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The Zero Cost Lifestyle

Several years ago I was sitting with a bunch of friends at a restaurant. Dinner was winding down and we were all stuffed.

My friend next to me asked me how I made so much money. I always had the money for everything, she said, and she was always struggling.

The bill came and everyone went down the list adding up their stuff. Before tax and tip mine was around $7. Hers was $30, more than four times what mine was.

External Brain Anatomy Lab

On Daniell's Brain and Behavior Lab Blog

I am sure you know the brain is the most complex organ in the body but sometimes i wonder if people TRULY understand the capacity and complexity of the brain. I am always blown away when learning about the lobes, structures, and functions of the brain! It is amazing how such a small organ has such vital functions which work together to produce various actions that we do daily!

I was elated when finding out that we would be examining a sheep's brain (similar to a human's brain) to review the surface anatomy of the brain. The first thing i noticed was that my sheep brain did not have all 3 layers of membranes called meninges. It only had the pia matter intact. This layer was very thin and prevented my partner and i from separating the left and right hemispheres of the brain.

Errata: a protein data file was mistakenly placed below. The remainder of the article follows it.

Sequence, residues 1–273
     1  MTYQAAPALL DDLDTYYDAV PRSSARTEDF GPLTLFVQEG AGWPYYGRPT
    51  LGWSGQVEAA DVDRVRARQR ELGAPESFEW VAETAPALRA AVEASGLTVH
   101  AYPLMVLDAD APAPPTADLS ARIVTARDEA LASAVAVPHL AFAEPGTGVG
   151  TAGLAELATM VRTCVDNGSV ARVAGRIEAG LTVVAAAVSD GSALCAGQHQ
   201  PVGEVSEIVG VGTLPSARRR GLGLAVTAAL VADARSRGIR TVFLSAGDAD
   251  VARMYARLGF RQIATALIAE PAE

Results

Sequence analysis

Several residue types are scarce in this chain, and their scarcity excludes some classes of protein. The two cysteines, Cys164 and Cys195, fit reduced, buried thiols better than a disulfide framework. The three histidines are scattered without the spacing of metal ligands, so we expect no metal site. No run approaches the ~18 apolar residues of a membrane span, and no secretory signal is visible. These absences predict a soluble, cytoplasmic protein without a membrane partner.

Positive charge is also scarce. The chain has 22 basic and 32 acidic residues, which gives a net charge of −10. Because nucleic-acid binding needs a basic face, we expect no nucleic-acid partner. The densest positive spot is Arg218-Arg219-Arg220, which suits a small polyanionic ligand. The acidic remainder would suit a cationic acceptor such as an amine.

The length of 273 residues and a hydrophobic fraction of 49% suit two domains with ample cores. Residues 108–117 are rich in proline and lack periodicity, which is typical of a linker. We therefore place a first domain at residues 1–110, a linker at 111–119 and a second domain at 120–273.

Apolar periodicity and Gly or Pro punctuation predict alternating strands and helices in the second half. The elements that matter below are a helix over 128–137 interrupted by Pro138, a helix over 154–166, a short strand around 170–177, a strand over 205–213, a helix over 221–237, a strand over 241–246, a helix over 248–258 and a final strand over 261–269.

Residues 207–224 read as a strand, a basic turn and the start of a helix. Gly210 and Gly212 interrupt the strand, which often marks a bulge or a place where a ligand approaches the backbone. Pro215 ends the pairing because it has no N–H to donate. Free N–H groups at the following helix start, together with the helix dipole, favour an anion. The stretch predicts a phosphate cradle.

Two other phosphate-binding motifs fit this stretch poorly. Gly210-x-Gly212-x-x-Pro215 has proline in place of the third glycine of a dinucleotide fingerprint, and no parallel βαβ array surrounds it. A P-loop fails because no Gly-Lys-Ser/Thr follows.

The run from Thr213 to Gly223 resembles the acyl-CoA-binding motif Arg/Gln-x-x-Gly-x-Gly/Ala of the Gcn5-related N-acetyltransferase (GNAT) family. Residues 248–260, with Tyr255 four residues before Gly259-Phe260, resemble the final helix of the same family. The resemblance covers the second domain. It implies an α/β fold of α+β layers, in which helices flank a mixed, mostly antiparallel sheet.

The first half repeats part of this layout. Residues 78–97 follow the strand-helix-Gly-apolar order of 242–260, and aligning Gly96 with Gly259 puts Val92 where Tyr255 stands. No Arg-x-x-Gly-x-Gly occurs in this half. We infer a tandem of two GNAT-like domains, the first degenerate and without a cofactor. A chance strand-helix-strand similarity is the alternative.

On the cerebral cortex my partner and i were able to identify the 4 main lobes of the brain; frontal, parietal, occipital, and temporal. The frontal lobe is located on the anterior part of the brain and is responsible for planning future actions and controlling movement. The parietal lobe located on the dorsal side of the brain is responsible for forming somatic sensation and forming body images. The occipital lobe is located on the posterior part of the brain and is responsible for vision. Lastly the temporal lobe is located lateral to the longitudinal fissure (the line that divides the brain in to left and right halves) and is responsible for learning, memory, and hearing.

While doing the lab i could only think about how the lobes were working together to help me process the lab. My occipital lobe was helping me view the sheep brain and the lab notes, my frontal lobe was helping me move the brain around, and my temporal lobe was allowing me to hear the professor, learn the material, and memorize the information. These functions were just a few of the many things going on in my brain. I find this amazing!

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